Euro Area Watch: Inflation – on track so far

After the turbulent years of 2022 and 2023, inflation is much more well behaved in 2024. As expected, food prices and energy prices are bringing headline inflation down, while service inflation is supporting core inflation on elevated levels.

Key messages

  • Despite a lot of movement in different sub-aggregates, our inflation for headline and core inflation remains unchanged.
  • Food and energy inflation are developing more favourably than expected.
  • Goods inflation is also significantly below expectations – the broad based manner of the decrease indicates some persistency.
  • Service inflation is somewhat higher than expected – partly due to fundamental reasons, partly due to base effects and price volatility.
  • Core inflation is expected to reach 2% by 2025, mainly as a result of weak goods inflation.
  • Headline inflation is forecasted to remain below core inflation over the forecast horizon.

Inflation table
Source: Macrobond, RBI/Raiffeisen Research

Inflation - a lot of movement under the hood

When we published our euro area inflation forecast in February, we expected inflation to be much tamer than in 2022 and 2023, slowly decreasing over the course of the year, with some erratic behaviour caused by base effects. Furthermore, inflation was expected to be driven by four main factors: base effects in energy prices, deceleration of food inflation, relief of supply chain issues translating to disinflation in goods, and stubborn service inflation. The stubbornness of service inflation was to be the main driver why both headline inflation and core inflation should remain above their 2% target.

The good news is that all of the aforementioned factors have materialized, and as a result our forecast holds up very well even today. Nevertheless, some factors have been stronger than we anticipated, namely those affecting goods and services.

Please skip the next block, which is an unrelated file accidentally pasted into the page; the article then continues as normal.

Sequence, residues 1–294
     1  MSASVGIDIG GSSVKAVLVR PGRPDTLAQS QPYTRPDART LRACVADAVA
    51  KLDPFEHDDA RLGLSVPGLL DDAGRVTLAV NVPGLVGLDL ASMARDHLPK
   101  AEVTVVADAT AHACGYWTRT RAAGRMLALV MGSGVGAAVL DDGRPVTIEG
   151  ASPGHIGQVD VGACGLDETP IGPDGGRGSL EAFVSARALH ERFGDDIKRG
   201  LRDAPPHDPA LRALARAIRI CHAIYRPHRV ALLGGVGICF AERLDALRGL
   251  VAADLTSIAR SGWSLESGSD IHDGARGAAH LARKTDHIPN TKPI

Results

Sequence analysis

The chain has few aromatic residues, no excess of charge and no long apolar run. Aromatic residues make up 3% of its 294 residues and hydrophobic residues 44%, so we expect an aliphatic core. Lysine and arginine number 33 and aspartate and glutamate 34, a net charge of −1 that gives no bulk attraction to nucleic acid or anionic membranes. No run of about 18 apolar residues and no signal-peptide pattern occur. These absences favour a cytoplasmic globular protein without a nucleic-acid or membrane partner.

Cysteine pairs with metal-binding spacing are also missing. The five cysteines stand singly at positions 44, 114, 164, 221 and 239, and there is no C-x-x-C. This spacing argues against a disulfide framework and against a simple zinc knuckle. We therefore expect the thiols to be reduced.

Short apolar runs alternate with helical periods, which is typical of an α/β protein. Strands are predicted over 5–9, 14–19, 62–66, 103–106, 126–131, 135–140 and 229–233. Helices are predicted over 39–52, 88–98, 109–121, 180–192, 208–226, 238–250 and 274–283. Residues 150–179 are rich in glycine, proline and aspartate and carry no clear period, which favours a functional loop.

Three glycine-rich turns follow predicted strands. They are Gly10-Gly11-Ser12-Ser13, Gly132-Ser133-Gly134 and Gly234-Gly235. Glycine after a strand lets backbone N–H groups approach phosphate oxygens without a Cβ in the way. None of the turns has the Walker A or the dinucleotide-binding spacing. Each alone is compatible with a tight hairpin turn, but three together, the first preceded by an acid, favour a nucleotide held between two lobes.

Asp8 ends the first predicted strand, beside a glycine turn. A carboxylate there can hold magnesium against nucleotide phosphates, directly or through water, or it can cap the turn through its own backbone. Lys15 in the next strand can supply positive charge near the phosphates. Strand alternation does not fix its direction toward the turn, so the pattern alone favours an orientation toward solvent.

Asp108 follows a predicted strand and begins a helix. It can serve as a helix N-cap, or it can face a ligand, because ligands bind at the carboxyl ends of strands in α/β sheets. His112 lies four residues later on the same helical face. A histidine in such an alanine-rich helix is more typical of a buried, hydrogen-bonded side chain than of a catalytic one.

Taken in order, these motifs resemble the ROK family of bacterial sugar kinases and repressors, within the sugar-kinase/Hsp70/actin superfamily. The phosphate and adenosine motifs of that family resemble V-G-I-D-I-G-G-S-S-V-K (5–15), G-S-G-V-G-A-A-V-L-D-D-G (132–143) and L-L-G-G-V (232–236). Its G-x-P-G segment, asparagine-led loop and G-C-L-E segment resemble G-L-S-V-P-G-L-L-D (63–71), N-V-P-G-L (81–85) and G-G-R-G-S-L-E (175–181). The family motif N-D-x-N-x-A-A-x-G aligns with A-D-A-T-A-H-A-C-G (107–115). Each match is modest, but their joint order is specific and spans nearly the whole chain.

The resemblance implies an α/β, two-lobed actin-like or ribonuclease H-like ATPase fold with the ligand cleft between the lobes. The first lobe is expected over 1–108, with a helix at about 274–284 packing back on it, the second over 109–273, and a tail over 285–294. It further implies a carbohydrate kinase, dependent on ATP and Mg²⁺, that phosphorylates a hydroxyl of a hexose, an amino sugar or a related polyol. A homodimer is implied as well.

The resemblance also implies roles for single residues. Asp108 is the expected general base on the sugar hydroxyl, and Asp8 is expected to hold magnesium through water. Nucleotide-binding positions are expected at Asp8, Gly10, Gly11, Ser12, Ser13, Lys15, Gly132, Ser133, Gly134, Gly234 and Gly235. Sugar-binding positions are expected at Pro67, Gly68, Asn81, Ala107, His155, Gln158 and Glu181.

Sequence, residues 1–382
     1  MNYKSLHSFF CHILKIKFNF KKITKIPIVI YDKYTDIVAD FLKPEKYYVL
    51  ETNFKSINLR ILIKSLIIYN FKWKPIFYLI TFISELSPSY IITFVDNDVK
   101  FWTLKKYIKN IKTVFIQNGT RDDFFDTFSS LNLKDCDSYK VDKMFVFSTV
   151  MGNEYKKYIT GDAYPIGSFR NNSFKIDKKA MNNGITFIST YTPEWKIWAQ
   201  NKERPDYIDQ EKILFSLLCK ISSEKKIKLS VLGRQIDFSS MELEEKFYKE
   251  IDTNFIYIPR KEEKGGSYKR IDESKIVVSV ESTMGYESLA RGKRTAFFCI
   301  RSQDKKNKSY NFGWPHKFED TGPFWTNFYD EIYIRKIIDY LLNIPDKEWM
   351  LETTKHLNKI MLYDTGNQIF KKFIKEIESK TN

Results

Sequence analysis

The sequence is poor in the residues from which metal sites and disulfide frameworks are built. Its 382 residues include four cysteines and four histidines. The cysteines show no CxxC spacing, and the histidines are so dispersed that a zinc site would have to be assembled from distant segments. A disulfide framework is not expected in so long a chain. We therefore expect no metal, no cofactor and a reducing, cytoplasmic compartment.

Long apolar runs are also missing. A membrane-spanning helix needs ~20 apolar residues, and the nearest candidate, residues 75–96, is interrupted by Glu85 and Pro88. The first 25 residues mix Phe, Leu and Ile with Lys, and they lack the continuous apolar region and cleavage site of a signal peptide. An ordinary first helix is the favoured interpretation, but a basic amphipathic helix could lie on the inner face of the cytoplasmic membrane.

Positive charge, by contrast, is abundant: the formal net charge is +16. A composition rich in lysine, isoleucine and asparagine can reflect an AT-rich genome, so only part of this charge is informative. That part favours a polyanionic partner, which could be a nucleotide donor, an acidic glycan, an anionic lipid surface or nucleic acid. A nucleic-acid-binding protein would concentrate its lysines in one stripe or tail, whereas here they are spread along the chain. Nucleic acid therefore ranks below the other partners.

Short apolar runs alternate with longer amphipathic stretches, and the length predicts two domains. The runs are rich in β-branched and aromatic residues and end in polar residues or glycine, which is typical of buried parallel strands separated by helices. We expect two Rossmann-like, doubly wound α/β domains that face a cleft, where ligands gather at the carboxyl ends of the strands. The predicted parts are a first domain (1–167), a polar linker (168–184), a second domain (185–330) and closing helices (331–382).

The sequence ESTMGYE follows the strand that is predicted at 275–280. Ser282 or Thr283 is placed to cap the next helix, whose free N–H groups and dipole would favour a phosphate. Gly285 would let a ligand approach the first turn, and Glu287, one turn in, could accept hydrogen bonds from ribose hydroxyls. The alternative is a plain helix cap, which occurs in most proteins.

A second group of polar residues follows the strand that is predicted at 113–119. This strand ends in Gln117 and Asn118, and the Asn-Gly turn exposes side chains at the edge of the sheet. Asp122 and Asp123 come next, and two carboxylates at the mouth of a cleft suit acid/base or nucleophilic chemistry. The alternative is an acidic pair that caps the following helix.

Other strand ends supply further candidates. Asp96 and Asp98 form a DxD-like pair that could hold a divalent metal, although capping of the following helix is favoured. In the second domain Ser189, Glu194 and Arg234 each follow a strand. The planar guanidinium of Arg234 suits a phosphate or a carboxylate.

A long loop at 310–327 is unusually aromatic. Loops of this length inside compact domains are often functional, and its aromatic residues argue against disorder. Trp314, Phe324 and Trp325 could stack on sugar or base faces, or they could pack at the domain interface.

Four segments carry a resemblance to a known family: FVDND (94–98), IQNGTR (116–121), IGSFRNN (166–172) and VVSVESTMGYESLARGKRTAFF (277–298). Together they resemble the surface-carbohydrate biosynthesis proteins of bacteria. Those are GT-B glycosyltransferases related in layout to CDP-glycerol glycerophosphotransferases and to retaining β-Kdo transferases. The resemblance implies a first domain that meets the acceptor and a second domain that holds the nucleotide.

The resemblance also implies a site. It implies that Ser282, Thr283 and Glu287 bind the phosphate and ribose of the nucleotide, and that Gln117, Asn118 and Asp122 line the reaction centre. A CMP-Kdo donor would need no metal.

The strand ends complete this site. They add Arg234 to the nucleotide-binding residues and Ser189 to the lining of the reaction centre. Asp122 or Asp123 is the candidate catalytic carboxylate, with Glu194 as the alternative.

Energy prices no longer dragging inflation down

Energy prices no longer dragging inflation down (contributons to % yoy)
Source: Macrobond, Eurostat, RBI/Raiffeisen Research

Food inflation has decelerated slightly more than we anticipated in our forecast. Inflation momentum and the end of the year indicated that the fastest part of the decreasing trend was already behind us, but in fact it was just catching its second wind. Food inflation from February to May was not only much lower than in 2022 or 2023 but was in fact slower than the long-term average. However, historically food inflation is usually a bit faster than the headline inflation, we thus think that further space for deceleration is limited.

Energy inflation also surprised positively, coming in lower than we expected. The decrease was caused by more favourable wholesale market prices of energy commodities: oil, gas as well as electricity prices have been lower than at the end of 2023, and lower than our original forecast anticipated. However, both natural gas and electricity prices on wholesale markets have somewhat recovered and like with food, there is little space for further decreases.

While food and energy prices are notoriously volatile and difficult to predict, goods prices are supposed to be more stable. In that sense, the surprise of a strong decline in goods inflation is much stronger. While we did expect goods inflation to decelerate strongly from 5.0% in 2023 due to the resolution of supply chain issues, we forecast that it will be hovering around 2%, with a slight acceleration in Q4, as a result of base effects. Instead, goods inflation has cratered and in May 2024 stood at 0.7% yoy, which is closer to pre-Covid levels than the 2% inflation target of the ECB. The decrease is not concentrated in one sub-aggregate, but is broad based and in all three parts of the goods basket (durables, semi-durables and non-durables) has inflation decelerated significantly. We therefore expect that this deceleration is persistent and not caused by a one-off effect.